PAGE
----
Opera singer, skeptic, podcaster, and a lover of science, Hai-Ting Chinn fuses the passionate and fanciful world of music with the grounded, rational aim of skepticism in an innovative and satisfying new way. She’ll be performing at NECSS this weekend, and recently I got the chance to ask her a few things before the big event.
First of all, could you tell me about your music background? When did you start? What made you interested in pursuing opera?
I was sent to a children’s choir from the age of 4, so I started singing and learning to read music before I really remember. I also took piano lessons from the age of 7. My parents aren’t professional musicians, but one is Chinese and the other Jewish, and whether for cultural or just personal reasons, they emphasized practice! There was also great music education in the California public schools in those days (alas, that all seems to have evaporated) and I learned to play recorder, which was required, and trombone, which was not. I also did a lot of music theater, but not much opera. It was a small town, so there wasn’t much opera, and I must admit that I wasn’t particularly into it when I was growing up. We listened to the Met Opera Saturday broadcasts on the local NPR station, but Saturday was our family house-cleaning day, and I pretty much associated opera with cleaning the toilet. Not the most appealing association. I started to love opera much later, in college, mostly because of recordings of Maria Callas.
How did you become interested in science and skepticism? Could you tell me a little about the path that brought you here? What kind of backwards hippie Northern California town did you grow up in, anyway?
I grew up in Arcata, California (as you know–right next to where you grew up!) which is indeed one of the most woo-woo places in the US, although most of it takes the form of anti-establishment hyper-liberalism, which I was pretty much OK with growing up–at least it’s not that sort of American small town where fanatical religiosity, racism, or homophobia is rampant.
The seeds of my love of science were probably planted by my mother, who is a (just retired) mathematics professor at Humboldt State University. She was one of the first women to get an advanced degree in math from Harvard, and she was always working on getting more girls to pursue careers in math and science. At home, she used games around the dinner table to teach my brother and me mathematical concepts. I was certainly interested in science and good at math when I was young; becoming a musician rather than a scientist was partially my form of teenage rebellion.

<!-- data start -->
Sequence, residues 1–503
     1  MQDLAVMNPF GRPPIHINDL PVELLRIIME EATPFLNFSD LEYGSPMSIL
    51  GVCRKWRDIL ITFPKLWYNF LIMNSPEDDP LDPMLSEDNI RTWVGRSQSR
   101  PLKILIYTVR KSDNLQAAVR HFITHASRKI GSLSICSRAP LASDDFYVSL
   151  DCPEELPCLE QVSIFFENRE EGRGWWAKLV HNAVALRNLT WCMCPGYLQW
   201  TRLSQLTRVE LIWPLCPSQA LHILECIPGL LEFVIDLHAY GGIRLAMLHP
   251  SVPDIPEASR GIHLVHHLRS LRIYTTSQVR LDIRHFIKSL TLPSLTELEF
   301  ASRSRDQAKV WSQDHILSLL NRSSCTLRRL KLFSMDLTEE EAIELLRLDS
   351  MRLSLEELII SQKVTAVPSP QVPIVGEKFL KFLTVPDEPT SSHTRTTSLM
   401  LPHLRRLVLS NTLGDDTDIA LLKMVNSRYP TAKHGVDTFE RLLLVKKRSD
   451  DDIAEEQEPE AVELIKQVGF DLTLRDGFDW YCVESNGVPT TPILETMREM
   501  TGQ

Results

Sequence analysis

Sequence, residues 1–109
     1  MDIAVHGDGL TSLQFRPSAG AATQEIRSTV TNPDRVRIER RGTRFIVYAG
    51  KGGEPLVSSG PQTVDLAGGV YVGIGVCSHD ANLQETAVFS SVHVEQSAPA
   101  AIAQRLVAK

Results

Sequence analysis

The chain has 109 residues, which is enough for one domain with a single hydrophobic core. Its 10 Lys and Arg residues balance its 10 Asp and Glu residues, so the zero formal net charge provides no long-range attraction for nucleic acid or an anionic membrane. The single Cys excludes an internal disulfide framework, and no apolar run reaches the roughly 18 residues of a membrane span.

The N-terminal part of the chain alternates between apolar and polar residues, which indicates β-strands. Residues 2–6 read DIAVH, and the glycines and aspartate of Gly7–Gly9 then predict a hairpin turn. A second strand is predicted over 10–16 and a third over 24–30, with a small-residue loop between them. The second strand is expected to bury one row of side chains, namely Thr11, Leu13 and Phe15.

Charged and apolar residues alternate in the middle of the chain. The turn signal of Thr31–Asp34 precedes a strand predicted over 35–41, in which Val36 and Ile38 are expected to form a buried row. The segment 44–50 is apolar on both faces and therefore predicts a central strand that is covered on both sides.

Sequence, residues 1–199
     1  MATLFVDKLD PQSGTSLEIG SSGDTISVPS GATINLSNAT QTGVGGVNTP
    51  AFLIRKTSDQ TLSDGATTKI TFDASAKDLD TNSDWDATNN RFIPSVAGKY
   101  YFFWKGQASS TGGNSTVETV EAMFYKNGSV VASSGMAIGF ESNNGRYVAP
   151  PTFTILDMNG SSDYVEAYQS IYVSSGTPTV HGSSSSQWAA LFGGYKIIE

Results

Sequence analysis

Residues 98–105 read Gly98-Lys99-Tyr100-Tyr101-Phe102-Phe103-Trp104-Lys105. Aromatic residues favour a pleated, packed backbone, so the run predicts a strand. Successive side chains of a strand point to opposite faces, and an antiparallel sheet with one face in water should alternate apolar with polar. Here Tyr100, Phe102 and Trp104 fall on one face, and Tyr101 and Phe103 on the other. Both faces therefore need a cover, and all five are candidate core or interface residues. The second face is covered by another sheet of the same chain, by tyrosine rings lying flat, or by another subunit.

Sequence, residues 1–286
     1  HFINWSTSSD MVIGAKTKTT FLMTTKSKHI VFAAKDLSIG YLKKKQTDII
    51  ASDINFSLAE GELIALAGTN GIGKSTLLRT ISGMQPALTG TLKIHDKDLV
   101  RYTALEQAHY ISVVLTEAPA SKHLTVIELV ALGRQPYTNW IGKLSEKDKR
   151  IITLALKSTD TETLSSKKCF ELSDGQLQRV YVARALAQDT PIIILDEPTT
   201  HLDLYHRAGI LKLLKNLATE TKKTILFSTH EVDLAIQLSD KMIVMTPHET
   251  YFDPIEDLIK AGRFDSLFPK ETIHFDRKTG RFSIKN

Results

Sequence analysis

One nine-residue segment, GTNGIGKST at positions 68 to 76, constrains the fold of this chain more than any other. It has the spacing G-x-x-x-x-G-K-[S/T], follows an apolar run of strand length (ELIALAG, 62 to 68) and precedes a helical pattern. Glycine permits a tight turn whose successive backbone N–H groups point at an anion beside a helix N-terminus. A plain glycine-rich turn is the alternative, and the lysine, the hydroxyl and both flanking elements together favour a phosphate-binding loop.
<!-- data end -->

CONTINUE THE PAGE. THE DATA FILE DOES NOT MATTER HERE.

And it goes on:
At some point in my early career as a musician, I began reading a lot of popular science. I can’t remember why, but I started with evolutionary biologists such as Stephen Jay Gould, early Richard Dawkins, and Steve Jones (who wrote Darwin’s Ghost, which is The Origin of Species updated with all the new information that we’ve gathered since Darwin’s day) and moved on to all kinds of science popularizers. I basically started considering popular science a hobby, reading as much as I had time for, and getting a kick out of the fact that I was a professional musician and science amateur: exactly backwards from tradition. Reading about science is relaxing and inspiring for someone who spends her life practicing and performing music.
As for skepticism: like many, I credit the Skeptic’s Guide to the Universe. And, once again, like many others, I would say that I have always been skeptical; I just didn’t know there was a name for it. To give credit where it is due, I must also say that Matthew [Schickele] found the SGU first and told me to listen to it!
You do a lot of work with opera in unusual settings, with productions like Requiem for Fossil Fuels; Mosheh: A VideOpera, a contemporary and hallucinatory take on the Moses tale; and La Didone, a sci-fi retelling of the Dido and Aeneas story — my favorite quote about which was from the New York Times, which said “The lush-voiced Ms. Chinn will suddenly switch from an aria about the torments of passion to the parenthetical (and monotonal) delivery of a line about having seen a horrible space monster, and then back to florid song.” That sounds amazing, and I wish I could see it. Could you share a bit about your experiences working in these sorts of contexts? How do these types of productions compare with the classics?